Friday, July 28, 2006

Bad Textbooks

I've been doing a little light reading on topology. The sort of stuff that I probably should have learned in any of the handful of topology courses that I took either as an undergrad or in grad school -- or just by osmosis. Before heading to the library, I first referred to my office bookshelf and its cache of textbooks from those courses that I took long ago and the textbooks I acquired when my previous job threatened to have me teach the geometry course when its long-term instructor went on sabbatical.

That gives me two classes of textbook: the real math books, densely packed with symbology, from my own education (things like Munkres or Massey) and an assortment of colorful texts with lots of exposition and context and plenty of white space, mostly designed for lower-tier math majors (such as "math for secondary ed"), and mostly written by people I've never heard of. (A third type of book is a single text in a class by itself: Henderson. I can not tell where it falls on the brilliant/insane spectrum. I can tell that it is not the sort of book that I'd just refer to casually: you need to commit to Henderson to get anything from it.)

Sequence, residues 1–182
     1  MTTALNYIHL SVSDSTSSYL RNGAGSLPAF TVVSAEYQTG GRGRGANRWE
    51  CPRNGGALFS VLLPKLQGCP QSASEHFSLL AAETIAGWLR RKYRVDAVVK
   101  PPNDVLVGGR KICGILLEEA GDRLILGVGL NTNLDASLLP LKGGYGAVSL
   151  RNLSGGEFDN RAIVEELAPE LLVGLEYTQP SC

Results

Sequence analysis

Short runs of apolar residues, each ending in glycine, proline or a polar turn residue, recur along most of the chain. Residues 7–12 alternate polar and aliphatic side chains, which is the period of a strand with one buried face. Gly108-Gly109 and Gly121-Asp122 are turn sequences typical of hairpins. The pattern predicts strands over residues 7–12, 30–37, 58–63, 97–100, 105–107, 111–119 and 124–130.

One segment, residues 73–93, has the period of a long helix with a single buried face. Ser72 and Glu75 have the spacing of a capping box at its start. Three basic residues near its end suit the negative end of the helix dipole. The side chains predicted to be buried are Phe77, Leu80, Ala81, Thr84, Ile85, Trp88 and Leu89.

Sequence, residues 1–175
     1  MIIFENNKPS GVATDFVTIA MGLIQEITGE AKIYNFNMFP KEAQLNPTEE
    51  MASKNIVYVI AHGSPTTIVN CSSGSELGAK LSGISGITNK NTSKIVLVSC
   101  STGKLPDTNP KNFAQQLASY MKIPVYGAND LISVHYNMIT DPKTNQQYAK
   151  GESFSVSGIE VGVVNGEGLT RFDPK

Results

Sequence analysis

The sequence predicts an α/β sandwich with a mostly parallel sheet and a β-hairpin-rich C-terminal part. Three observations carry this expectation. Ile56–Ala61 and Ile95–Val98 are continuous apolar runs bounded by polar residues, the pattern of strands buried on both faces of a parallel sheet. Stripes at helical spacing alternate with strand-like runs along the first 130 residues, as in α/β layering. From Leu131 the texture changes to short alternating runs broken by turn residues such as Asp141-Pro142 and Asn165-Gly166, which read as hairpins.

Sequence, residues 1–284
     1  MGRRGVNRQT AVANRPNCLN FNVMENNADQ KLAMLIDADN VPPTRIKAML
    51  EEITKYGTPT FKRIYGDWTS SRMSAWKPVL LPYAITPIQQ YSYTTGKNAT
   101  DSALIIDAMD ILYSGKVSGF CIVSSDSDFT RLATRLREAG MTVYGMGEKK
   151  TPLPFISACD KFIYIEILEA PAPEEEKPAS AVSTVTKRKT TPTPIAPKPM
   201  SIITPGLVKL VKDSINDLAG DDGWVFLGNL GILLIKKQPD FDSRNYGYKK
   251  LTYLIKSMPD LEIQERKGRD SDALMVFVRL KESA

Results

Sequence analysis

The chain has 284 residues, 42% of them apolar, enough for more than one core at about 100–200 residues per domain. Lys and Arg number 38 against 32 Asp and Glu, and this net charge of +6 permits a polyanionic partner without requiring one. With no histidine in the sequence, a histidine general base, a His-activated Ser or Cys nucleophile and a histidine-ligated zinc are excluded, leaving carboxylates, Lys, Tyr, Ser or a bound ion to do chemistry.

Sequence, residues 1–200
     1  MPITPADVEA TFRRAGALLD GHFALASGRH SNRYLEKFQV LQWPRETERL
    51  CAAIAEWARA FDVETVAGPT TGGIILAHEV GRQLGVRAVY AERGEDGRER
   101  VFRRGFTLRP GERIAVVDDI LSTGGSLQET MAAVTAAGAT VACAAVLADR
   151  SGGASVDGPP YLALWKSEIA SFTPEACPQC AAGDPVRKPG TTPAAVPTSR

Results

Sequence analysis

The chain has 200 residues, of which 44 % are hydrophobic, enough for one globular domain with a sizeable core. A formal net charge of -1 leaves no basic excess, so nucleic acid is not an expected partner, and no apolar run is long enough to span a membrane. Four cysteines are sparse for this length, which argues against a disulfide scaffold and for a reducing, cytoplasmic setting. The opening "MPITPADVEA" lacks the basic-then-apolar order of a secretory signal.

With the real math books, I have trouble figuring out where to start reading. Everything is presented in a flat yet fiercely interconnected way, and I can't easily identify where to pick up the strand of what interests me. If I can find the start of the idea and track down the prerequisite concepts, I'm OK; the math is presented in a clear and compact manner.

The books meant for somewhat dim math majors? Oh my fucking word. Yes, they do a great job of chopping the material up into bite-sized pieces. With paragraph upon paragraph of English text, I can identify the motivation and the context of each topic and get a decent sense of the big picture. But the way they write about the math? I just sit there going "wtf, wtf, wtf?" I can not make heads or tails of it! I look at the diagram, re-read the sentence, and still have no clue why that could possibly be true or even what it means. No wonder the students struggle.